The Makanai: Cooking for the Maiko House

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The Makanai: Cooking for the Maiko House
Promotional release poster
Based onKiyo in Kyoto
by Aiko Koyama
Written byHirokazu Kore-eda
Screenplay byMami Sunada
Directed byHirokazu Kore-eda
ComposerYoko Kanno
Country of originJapan
Original languageJapanese
No. of episodes9
ProducerGenki Kawamura
CinematographyRyuto Kondo
Production companiesBunkuku
Story Inc.
Original release
ReleaseJanuary 12, 2023 (2023-01-12)

The Makanai: Cooking for the Maiko House (舞妓さんちのまかないさん) is a Japanese television series about contemporary life in a geisha house in Kyoto, Japan. The series stars Nana Mori, Natsuki Deguchi, and Aju Makita, released by Netflix on January 12, 2023.[1] Hirokazu Kore-eda served as director, writer, and showrunner, The Makanai being his first time directing a Netflix production.[2]


The show is based on the manga Kiyo in Kyoto by Aiko Koyama.[3] The nine episodes follow the story of best friends Kiyo (Mori) and Sumire (Deguchi) as they move from their hometown in northern Aomori to Kyoto's Gion district to live in an all-female house of geiko and maiko with dreams of becoming geiko themselves. Though Sumire is hailed as a talent, Kiyo is deemed unfit to become a maiko but soon finds her unexpected calling as their live-in cook.[4]


Episode 1 - Change

Netflix Description:

Kiyo and Sumire leave their hometown and head to Kyoto, where they will train as apprentice maiko entertainers.

Episode 2 - Guardian Spirit

Netflix Description

Kiyo receives some unfortunate news, but quickly finds her true calling when the maiko sisters get tired of ordering takeout.

Episode 3 - Taboo

Netflix Description:

A former maiko suddenly makes a return; to her delight, Kiyo receives a heavy package from home.

Episode 4 - Wish

Netflix Description:

Kiyo and Sumire get a day off and explore the city, making a wish at the shrine; an unexpected guest visits the maiko house, much to Sumire's dismay.

Episode 5 - Choice

Netflix Description:

Love is in the air, but Kiyo only has eyes for food; Sumire receives wonderful news; Ryoko battles with her feelings.

Episode 6 - One-sided

Netflix Description:

Kiyo sets her eyes on the top prize of a lottery sponsored by the local shops; Momoko tries a bowl of Kiyo's cream stew.

Episode 7 - Illness

Netflix Description:

The geiko and maiko ladies kick off the new year at an annual ceremony; Sumire loses her appetite, but Kiyo cooks up an antidote.

Episode 8 - Carnival

Netflix Description:

Momoko takes charge of the annual costume event; Sumire accompanies Momoko to a high-end client dinner.

Episode 9 - Passage

Netflix Description:

While Sumire continues to shine, Tsurukoma reconsiders her future; Kiyo prepares her most important meal yet.


  • Nana Mori as Kiyo,[5] a would-be maiko applicant from Aomori who is rejected for the role but ends up cooking for the Saku House
  • Natsuki Deguchi as Sumire/Momohana,[5] Kiyo's long-time companion and best friend who succeeds in becoming a maiko
  • Aju Makita as Ryoko,[5] Mother Azusa's daughter who also lives in the Saku House
  • Takako Tokiwa as Mother Azusa,[5] the co-proprietor of the Saku House
  • Keiko Matsuzaka as Mother Chiyo,[5] the co-proprietor of the Saku House
  • Ai Hashimoto as Momoko,[5] a veteran geiko who takes in Sumire as her apprentice
  • Mayu Matsuoka as Yoshino,[5] a former geiko who returns to the Saku House to resume her career after divorcing her husband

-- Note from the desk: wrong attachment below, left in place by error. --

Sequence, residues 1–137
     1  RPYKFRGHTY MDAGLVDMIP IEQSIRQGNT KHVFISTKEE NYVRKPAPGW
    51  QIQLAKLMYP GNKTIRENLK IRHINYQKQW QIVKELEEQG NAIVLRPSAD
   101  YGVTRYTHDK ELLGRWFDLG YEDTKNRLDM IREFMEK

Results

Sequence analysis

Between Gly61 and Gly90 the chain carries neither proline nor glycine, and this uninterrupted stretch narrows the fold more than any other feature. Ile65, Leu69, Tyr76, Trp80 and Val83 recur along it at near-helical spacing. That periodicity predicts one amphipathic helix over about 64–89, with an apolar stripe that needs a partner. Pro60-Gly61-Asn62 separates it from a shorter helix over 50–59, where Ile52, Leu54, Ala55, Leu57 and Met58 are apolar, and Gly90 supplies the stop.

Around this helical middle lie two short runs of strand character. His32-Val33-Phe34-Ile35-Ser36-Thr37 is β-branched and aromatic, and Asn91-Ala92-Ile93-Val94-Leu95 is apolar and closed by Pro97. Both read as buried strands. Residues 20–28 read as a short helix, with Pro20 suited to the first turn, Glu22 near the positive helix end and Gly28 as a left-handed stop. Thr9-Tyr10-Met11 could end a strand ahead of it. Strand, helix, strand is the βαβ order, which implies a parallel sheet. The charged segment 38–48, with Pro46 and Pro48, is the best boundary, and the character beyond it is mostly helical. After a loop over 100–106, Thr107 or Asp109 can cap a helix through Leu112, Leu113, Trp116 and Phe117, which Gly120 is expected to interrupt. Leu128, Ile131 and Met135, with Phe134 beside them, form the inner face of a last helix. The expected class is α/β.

• Momoko Fukuchi as Tsurukoma, a maiko at the Saku House who quits the profession at the end of the series
  • Lily Franky as Mr. Ren, the bartender


Kore-eda directed the first two episodes, with the remaining seven directed by directors Megumi Tsuno, Hiroshi Okuyama, and Takuma Sato.[2]

Depictions of geisha[edit]

Previous portrayals of geisha and their milieu, such as Arthur Golden's Memoirs of a Geisha and its film adaptation, have been criticised for conflating geisha culture as a form of "highly-stylized prostitution".[6] The popularity of the film led to a surge in tourists in the geisha districts of Kyoto, instances of harassment of geisha in public, and a 2019 ban of photographing geisha implemented by the Gion geisha district. Kore-eda commented that the series might dispel some inaccurate beliefs perpetuated by Memoirs, such as maiko being sold by their parents. However, Kiyo's work as a makanai, the in-house cook and helper, is also unrealistic; there are no teenage makanai.[7]


  1. ^ "『舞妓さんちのまかないさん』、森七菜、出口夏希ら豪華キャストと是枝裕和が語る"ほっこり"メイキング映像". MSN (in Japanese). Archived from the original on January 24, 2023. Retrieved January 12, 2023.
  2. ^ a b Shackleton, Liz (January 11, 2023). "Hirokazu Kore-eda On His First Netflix Series 'The Makanai' And Revamping Japan's Film Industry". Deadline Hollywood. Archived from the original on January 20, 2023. Retrieved January 12, 2023.
  3. ^ Hadfield, James (January 12, 2023). "Hirokazu Kore-eda's 'The Makanai: Cooking for the Maiko House' is light and dusted with sugar". The Japan Times. Archived from the original on January 18, 2023. Retrieved January 12, 2023.
  4. ^ Hadadi, Roxana (January 19, 2023). "The Makanai's Twin Appetites". Vulture. Archived from the original on January 19, 2023. Retrieved January 12, 2023.
  5. ^ a b c d e f g "「舞妓さんちのまかないさん」Netflixでドラマ化!監督は是枝裕和、森七菜&出口夏希のW主演". Natalie. Retrieved January 30, 2023.
  6. ^ "The Rich Culture at the Heart of Netflix's 'The Makanai'". Time. January 12, 2023. Archived from the original on January 23, 2023. Retrieved January 13, 2023.
  7. ^ Brzeski, Patrick (January 13, 2023). "Hirokazu Kore-eda on Exploring World of Japanese Geisha for Netflix Series 'The Makanai: Cooking for the Maiko House'". The Hollywood Reporter. Archived from the original on January 19, 2023. Retrieved January 19, 2023.

External links[edit]